The numbers: New applications for traditional jobless benefits continued a slow and steady descent in late June, moving in the right direction but at a slow pace that shows the labor market is still struggling to recover after the biggest wave of layoffs in American history.
Initial jobless claims, a rough gauge of layoffs, dipped to 1.43 million in the seven days ended June 27 from 1.48 million in the prior week, the Labor Department said Thursday. The figures are seasonally adjusted. Claims were at 1.57 million in the first week of June and 3.18 million in the first week of May.
Economists polled by MarketWatch had forecast 1.40 million new claims. These figures reflect applications filed the normal way through state unemployment offices.
An additional 839,563 people applied for benefits last week through a temporary federal-relief program.
The number of people receiving traditional jobless benefits, meanwhile, rose 59,000 in the week ended June 20 to 19.29 million. These are known as continuing claims.
What happened: New jobless claims have been receding gradually as Americans return to work and the economy reopens. Yet millions still haven’t been able to go back to their old jobs and some have few prospects of doing so, especially in industries such as travel and tourism.
In the separate monthly June employment report also released Thursday due to the July 4 holiday, the government said a net 4.8 million new jobs were created or restored. The U.S. lost more than 22 million jobs in March and April, however, during the height of the pandemic.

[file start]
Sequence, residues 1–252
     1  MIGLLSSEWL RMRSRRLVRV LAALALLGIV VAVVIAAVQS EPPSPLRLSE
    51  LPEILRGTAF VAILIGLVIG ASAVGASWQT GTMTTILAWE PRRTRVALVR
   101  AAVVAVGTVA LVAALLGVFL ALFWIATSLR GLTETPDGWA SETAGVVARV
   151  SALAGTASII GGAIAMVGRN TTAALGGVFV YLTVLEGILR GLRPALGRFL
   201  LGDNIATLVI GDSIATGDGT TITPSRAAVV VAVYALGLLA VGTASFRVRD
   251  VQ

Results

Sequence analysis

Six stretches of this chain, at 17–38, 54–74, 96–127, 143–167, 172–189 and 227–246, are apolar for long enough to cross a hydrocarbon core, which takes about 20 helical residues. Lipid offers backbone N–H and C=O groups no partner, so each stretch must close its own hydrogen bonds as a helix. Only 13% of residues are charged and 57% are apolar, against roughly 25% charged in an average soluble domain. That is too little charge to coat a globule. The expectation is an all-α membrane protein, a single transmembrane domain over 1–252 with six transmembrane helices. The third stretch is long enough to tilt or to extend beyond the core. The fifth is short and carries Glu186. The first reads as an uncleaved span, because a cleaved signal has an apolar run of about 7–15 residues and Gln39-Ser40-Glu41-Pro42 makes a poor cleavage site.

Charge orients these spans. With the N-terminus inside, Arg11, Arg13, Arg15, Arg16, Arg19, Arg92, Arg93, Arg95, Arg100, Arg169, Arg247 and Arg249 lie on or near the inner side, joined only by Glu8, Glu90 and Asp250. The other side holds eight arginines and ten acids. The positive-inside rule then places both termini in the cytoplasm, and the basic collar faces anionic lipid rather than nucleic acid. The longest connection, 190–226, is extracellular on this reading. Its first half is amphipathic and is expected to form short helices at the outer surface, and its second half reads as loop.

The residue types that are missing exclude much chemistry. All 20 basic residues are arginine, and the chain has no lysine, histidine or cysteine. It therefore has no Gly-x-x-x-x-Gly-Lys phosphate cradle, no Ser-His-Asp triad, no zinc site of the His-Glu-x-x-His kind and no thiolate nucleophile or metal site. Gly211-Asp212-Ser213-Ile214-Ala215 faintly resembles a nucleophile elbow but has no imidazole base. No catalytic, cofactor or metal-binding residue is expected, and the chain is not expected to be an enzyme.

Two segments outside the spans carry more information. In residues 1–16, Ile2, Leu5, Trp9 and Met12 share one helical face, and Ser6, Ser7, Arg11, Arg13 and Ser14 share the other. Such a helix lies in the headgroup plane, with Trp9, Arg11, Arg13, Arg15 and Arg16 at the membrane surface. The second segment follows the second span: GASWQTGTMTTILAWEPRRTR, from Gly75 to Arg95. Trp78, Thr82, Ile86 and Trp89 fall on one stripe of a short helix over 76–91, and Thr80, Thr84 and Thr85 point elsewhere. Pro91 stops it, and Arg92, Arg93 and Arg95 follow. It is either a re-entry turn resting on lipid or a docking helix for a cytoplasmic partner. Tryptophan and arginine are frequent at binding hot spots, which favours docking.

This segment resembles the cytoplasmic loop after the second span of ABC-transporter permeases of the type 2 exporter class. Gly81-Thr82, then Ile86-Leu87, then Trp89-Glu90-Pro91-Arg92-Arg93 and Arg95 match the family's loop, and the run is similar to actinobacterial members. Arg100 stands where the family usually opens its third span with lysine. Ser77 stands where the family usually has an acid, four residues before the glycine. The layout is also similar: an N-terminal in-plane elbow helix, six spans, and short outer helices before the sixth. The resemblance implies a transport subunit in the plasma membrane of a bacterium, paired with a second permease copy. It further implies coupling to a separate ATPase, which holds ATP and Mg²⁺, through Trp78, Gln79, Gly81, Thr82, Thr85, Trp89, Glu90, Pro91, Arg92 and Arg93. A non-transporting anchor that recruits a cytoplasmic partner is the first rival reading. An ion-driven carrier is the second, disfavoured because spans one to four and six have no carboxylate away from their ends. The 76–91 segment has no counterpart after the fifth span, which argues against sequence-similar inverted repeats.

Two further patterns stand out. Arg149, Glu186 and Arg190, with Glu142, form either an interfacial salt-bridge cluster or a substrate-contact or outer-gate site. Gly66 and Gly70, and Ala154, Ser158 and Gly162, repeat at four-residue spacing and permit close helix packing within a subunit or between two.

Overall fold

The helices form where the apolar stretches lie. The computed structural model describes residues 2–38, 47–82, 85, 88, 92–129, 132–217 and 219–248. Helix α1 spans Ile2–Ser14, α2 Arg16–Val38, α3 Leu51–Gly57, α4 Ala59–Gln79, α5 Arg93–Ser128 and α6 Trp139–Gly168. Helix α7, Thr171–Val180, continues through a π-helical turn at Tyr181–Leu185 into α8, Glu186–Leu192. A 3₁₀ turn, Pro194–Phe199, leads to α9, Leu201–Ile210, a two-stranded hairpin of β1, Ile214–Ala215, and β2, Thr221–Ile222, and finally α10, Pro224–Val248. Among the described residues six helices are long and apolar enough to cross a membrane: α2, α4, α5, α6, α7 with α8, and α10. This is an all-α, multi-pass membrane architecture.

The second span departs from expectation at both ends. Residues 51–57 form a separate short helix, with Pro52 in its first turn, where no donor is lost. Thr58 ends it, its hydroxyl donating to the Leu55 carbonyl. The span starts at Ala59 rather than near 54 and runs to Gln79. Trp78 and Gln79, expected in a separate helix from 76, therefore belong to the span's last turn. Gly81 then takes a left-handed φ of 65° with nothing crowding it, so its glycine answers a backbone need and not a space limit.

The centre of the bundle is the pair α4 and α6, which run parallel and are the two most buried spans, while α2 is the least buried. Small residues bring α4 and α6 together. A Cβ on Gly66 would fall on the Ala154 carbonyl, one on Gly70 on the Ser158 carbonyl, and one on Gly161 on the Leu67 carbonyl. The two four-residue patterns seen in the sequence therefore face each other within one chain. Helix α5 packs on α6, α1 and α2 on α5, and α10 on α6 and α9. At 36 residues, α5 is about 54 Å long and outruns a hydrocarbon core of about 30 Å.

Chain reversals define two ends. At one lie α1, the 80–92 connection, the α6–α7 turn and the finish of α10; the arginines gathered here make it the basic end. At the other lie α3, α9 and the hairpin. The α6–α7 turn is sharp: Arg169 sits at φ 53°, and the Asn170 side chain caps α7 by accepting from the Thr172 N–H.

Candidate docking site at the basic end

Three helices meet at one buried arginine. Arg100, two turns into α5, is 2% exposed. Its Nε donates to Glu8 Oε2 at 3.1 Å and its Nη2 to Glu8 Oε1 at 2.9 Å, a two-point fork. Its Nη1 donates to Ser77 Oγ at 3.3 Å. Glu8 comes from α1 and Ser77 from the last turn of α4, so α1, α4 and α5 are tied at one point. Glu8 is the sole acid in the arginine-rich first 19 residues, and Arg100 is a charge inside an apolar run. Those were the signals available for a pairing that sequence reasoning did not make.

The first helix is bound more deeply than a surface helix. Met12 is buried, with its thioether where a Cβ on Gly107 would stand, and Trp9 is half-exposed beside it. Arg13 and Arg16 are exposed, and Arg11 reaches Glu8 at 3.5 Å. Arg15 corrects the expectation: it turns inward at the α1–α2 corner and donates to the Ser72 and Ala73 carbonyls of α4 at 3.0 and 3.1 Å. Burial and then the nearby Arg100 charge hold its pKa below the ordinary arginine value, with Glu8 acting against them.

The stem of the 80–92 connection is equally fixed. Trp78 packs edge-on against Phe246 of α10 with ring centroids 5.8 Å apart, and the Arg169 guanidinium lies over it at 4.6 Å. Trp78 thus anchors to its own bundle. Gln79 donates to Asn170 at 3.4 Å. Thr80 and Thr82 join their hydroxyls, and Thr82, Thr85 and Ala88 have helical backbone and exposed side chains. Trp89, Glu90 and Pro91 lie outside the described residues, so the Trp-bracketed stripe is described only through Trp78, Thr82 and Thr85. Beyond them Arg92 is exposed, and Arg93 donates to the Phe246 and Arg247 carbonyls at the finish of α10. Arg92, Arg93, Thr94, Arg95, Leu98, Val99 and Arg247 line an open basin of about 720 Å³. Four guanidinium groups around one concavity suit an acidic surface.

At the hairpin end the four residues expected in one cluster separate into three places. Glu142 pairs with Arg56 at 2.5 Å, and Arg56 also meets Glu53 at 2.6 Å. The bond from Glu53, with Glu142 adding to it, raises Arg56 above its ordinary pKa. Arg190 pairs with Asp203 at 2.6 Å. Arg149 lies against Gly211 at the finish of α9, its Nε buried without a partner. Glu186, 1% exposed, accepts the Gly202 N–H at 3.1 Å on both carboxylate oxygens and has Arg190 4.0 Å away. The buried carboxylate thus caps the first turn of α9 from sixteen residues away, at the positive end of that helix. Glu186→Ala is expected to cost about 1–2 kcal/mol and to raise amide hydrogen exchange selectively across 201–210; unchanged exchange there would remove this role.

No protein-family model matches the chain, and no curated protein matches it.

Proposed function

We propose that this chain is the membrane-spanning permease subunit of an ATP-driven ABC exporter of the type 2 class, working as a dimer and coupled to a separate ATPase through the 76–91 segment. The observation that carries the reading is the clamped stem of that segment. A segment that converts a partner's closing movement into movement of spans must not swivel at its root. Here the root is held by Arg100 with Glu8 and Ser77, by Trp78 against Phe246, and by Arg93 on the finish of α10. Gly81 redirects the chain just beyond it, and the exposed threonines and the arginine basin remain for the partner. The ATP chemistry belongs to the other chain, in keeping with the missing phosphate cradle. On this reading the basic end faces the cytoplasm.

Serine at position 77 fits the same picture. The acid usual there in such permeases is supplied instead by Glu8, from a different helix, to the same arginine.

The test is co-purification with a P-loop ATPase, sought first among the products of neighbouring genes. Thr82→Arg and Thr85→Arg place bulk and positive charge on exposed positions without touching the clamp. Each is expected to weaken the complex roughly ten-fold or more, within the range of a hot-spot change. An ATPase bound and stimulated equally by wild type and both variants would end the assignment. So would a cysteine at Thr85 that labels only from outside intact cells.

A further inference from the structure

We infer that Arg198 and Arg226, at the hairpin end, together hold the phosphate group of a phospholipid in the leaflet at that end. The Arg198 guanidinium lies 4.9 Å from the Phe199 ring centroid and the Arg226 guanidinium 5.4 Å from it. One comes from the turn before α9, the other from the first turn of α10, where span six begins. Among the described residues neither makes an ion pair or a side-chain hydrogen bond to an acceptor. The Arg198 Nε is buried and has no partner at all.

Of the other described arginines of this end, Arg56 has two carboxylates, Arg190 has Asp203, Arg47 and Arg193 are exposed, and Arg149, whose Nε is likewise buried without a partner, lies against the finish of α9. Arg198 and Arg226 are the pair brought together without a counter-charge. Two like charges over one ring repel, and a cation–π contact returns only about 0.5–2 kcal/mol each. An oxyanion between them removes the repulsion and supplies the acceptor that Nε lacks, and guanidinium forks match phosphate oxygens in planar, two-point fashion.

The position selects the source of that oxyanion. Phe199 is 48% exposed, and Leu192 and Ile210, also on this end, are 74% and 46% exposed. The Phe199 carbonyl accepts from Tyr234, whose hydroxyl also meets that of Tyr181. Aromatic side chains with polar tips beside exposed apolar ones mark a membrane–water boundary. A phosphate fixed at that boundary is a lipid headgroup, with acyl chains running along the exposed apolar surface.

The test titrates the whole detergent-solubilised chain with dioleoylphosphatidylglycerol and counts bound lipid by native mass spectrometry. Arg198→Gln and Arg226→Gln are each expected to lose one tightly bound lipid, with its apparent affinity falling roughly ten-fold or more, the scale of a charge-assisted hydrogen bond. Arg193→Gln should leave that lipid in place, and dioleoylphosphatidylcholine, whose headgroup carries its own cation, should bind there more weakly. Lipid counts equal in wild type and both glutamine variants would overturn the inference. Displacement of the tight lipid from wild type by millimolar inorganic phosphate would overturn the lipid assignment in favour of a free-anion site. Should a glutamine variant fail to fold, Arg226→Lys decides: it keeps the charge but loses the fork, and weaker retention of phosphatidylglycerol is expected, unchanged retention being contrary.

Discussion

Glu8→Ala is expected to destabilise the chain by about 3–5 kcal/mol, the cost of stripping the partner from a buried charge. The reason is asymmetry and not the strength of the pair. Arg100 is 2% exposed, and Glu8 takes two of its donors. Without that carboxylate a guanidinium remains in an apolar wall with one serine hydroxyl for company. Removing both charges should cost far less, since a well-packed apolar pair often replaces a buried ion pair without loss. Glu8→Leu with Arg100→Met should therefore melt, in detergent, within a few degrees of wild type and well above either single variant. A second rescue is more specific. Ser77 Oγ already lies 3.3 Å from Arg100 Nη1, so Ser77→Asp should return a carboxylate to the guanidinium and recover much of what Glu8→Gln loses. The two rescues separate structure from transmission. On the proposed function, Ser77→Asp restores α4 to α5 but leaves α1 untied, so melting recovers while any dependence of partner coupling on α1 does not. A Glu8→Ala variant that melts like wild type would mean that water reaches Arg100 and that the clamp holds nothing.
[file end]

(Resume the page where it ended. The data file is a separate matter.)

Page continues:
The unemployment rate fell to 11.1% in June from 13.3% in the prior month.The data was stronger than expected.
Economists contend the monthly employment report presents a more accurate picture of the labor market than new jobless claims. States have overwhelmed by applications, including many duplicate claims, and some like Kentucky have fallen behind in processing applications that were filed weeks or months ago.
More than 50 million new claims have been filed since mid-March. Before the crisis the states processed fewer than 225,000 claims a week.
Big picture: The economy experienced a big jolt of adrenaline once states began to reopen. What’s comes next is less easy to determine, especially after a fresh outbreak of coronavirus cases in states such as Texas, Florida and California that were among to first to relax restrictions. Other states like New York have since decided to go more slowly on reopening.
What the latest outbreak underscores, economists say, is that the shape of the recovery is highly dependent on whether the virus is brought under control and treatments are discovered. They predict more bumps ahead as consumers and businesses navigate an uncertain future.